“Mom, I want to be a ballerina.” How to accept your kid’s choice if you don’t share his interests?

And what myths about ballet schools are true
Taisia Popova | 10 April 2021
“Mom, I want to be a ballerina.” How to accept your kid’s choice if you don’t share his interests?
Photo: istockphoto.com

During the pandemic, theaters were under attack – at first they were closed, and then they were allowed to fill the halls only 50% of their capacity. But the ballet lived on it was watched online in Russia, and artists danced in plastic bubbles so as not to contact each other at the Stuttgart Theater in Germany. What should you do if in such difficult times your child tells you, “Mom, I will be a ballerina”? Replies Taisiya Popova.

How the Dream was Born

Everything was ordinary. Neither my work nor education, nor my social circle were connected with ballet, let alone the kindergarten – not a word was said about it there. But my daughter suddenly wanted to do it.

She was only three years old back then, and we accidentally watched the French cartoon “Ballerina”. Thus her dream was born.

“Mom, let’s go to a ballet school, I want to be a ballerina. To dance, mom. When will the audition start? In August? Is August coming soon? Draw a star for me on my calendar on the day the classes start”…

I’ve tried various distracting maneuvers. I took her to my classes, and my favorite hustle and as beloved contemporary dance very little resemble ballet. We watched various performances from Irish dance festivals. I lured her into gymnastics and rhythmic gymnastics, explaining that she was too young. I bought her a training skirt in a real ballet store: she could wear it at home, ‘play’ the ballet. I read Ilze Liepa’s fairy tales to her about a difficult theatrical life.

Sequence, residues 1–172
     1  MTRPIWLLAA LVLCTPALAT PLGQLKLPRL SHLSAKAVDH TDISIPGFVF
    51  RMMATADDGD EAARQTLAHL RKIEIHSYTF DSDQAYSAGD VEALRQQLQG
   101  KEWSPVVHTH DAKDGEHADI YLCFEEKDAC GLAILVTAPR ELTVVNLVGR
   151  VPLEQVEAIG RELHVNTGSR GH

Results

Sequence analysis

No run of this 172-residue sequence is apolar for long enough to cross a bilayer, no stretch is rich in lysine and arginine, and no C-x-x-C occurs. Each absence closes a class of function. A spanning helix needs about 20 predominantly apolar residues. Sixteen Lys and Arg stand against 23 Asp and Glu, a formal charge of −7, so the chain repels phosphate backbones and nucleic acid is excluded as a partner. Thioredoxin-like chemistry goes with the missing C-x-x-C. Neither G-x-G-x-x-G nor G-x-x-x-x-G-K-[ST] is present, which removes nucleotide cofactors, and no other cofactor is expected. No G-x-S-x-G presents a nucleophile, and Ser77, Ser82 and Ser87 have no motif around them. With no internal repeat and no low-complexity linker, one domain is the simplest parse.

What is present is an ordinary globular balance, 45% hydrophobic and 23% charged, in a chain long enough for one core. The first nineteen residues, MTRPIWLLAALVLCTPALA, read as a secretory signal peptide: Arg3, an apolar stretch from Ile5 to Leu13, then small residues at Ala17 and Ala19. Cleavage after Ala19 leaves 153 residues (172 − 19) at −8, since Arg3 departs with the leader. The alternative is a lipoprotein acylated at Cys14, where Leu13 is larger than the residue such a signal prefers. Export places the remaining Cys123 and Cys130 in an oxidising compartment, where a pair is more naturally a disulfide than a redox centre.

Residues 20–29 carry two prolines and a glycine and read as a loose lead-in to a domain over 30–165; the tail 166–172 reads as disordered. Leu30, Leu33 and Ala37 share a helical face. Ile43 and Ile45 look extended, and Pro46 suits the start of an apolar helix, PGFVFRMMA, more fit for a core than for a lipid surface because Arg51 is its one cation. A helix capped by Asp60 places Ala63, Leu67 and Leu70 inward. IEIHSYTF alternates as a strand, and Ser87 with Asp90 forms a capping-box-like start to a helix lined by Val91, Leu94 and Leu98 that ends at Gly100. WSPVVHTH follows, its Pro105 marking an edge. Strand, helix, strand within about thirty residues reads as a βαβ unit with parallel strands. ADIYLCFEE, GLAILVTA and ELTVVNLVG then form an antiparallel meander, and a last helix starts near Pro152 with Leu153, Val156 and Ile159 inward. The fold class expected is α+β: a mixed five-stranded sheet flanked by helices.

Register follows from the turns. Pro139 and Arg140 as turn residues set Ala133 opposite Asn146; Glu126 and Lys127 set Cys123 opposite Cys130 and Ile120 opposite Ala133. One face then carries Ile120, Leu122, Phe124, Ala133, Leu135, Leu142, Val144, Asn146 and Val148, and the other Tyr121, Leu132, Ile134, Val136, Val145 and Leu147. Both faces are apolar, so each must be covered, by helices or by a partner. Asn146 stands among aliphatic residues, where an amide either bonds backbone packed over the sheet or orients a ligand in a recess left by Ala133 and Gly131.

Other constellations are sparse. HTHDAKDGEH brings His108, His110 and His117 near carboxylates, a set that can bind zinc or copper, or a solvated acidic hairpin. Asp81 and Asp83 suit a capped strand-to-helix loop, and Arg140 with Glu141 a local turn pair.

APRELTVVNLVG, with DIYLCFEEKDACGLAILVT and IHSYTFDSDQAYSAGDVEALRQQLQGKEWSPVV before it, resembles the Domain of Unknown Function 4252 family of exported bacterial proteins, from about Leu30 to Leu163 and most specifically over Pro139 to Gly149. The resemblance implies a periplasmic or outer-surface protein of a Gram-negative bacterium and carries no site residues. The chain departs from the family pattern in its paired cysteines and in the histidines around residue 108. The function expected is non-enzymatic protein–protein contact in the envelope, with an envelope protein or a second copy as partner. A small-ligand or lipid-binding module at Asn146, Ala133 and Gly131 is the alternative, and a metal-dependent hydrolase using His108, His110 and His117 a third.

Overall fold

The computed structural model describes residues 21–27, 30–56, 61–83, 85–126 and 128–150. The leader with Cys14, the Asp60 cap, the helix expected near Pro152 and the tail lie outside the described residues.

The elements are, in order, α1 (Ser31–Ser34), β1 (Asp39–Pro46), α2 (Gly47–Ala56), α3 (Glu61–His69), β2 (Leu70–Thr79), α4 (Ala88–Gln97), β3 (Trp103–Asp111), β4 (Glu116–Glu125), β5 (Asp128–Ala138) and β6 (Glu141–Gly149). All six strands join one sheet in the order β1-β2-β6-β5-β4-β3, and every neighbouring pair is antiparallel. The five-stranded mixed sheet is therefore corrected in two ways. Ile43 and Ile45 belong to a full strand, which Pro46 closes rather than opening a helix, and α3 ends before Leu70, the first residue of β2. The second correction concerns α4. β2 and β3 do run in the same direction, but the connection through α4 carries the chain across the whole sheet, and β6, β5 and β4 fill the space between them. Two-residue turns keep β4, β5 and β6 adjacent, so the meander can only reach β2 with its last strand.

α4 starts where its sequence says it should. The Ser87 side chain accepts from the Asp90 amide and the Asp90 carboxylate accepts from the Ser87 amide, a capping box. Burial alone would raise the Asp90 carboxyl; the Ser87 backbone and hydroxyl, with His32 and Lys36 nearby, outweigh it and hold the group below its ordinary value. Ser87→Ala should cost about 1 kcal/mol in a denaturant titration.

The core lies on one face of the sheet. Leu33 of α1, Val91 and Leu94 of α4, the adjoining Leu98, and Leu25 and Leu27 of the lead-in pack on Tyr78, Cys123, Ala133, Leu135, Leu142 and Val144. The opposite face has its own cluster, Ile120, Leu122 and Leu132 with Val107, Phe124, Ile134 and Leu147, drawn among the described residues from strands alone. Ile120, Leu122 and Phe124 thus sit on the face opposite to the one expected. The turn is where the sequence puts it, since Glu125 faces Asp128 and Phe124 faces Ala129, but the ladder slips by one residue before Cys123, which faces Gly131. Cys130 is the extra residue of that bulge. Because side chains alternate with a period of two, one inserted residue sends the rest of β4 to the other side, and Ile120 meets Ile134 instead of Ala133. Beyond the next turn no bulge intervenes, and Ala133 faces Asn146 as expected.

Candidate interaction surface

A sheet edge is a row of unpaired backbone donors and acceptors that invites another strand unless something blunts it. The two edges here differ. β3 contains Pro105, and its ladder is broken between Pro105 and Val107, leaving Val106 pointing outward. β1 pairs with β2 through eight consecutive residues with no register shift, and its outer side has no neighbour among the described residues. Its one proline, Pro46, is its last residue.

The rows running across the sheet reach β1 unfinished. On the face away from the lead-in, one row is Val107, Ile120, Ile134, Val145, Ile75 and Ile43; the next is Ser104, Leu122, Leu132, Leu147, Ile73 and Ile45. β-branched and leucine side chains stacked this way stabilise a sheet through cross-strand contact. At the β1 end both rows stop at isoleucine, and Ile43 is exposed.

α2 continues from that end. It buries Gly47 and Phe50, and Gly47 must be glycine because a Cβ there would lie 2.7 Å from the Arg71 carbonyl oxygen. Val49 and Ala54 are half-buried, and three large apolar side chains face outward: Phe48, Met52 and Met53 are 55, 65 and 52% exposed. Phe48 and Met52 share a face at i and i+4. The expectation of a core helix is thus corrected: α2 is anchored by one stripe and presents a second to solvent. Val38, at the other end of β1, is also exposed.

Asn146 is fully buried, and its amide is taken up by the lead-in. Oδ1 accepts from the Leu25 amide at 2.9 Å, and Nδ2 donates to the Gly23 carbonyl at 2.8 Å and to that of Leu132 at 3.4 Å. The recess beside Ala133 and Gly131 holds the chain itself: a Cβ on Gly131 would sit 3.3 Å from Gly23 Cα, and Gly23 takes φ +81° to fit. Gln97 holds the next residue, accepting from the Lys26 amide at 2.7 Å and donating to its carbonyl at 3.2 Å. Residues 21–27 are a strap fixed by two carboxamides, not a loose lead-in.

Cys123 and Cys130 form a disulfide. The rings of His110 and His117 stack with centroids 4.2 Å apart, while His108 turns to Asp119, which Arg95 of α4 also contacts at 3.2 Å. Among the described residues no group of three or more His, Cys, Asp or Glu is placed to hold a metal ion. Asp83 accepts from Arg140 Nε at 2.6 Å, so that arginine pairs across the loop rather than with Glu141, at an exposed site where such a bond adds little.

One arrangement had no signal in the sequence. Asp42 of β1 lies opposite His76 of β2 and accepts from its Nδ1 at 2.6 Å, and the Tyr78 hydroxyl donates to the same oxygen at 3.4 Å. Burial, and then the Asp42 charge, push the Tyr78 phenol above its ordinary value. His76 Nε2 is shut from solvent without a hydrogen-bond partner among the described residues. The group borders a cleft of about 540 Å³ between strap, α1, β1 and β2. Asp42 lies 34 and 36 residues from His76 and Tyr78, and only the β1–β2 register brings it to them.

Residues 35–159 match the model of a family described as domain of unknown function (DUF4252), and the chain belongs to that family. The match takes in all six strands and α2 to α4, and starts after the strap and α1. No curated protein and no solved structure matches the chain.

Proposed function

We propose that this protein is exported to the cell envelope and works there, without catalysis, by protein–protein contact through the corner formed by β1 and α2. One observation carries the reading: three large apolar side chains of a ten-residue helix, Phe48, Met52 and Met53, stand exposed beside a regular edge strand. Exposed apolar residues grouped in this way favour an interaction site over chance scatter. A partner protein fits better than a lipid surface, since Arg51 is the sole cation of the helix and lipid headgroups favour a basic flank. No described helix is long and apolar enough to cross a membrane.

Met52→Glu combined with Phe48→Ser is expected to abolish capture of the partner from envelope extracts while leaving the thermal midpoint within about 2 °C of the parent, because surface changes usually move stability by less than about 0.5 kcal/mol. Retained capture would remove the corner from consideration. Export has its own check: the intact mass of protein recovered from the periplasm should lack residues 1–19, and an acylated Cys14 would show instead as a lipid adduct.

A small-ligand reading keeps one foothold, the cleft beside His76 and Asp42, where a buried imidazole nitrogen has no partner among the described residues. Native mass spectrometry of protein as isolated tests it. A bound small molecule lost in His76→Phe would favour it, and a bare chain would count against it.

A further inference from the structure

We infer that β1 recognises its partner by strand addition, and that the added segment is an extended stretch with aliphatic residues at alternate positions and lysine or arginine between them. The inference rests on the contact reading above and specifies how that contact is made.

Then I had to give in and take her to the Mariinsky Theater for The Nutcracker. Of course, the effect was indescribable. Her dream got even bigger, and the following morning my daughter first of all asked me when we would go to the ballet school. She showed everyone in the kindergarten that she could sit on a transverse twine (it was not me, it was like that, she was born this way), and in the evening she would ask me if tomorrow is September, the month she could definitely start practicing ballet.

Leaping Sensations and Myths about Ballet

I knew only the well-known stereotypes, such as that ballet teachers are angry and ruthless, that no sweets and rolls are ever allowed there, that the mother of a ballerina will be examined from all sides for heredity, that in classical dance there is no time to sleep, breathe and live, but only need to sit on transverse twine and eat cucumbers strictly until five in the evening, because at seven there is a performance. It was impossible for me to give my only daughter to this world willingly.

Therefore, I went to my friend for advice. She is a teacher of ancient dances: polonaises, mazurkas, beauty and happiness. Maybe she would know how to dissuade a child from the terrible world of “ballet”, I thought.

“Do you know any former ballerina?” I asked her carefully.

“There are no former ballerinas,” my friend answered sternly and straightened her shoulders. “I’m a ballerina. I spent seventeen years at the bench and in the stalls. Seventeen years! Yes, there are ancient dances, but my own inner school is ballet.”

This new information stunned me so much that, just in case, I turned on the recorder and fell silent in fright.

“Yes, there are some strange rumors about ballet. Something like the teacher won’t let you go to school because it takes up dancing time? There is nothing like this. Of course, at some point you’ll hear a demand to take your studies seriously. But in general, any training where you intend to achieve success and certain results is supposed to be taken seriously and some entertainment will have to be given up.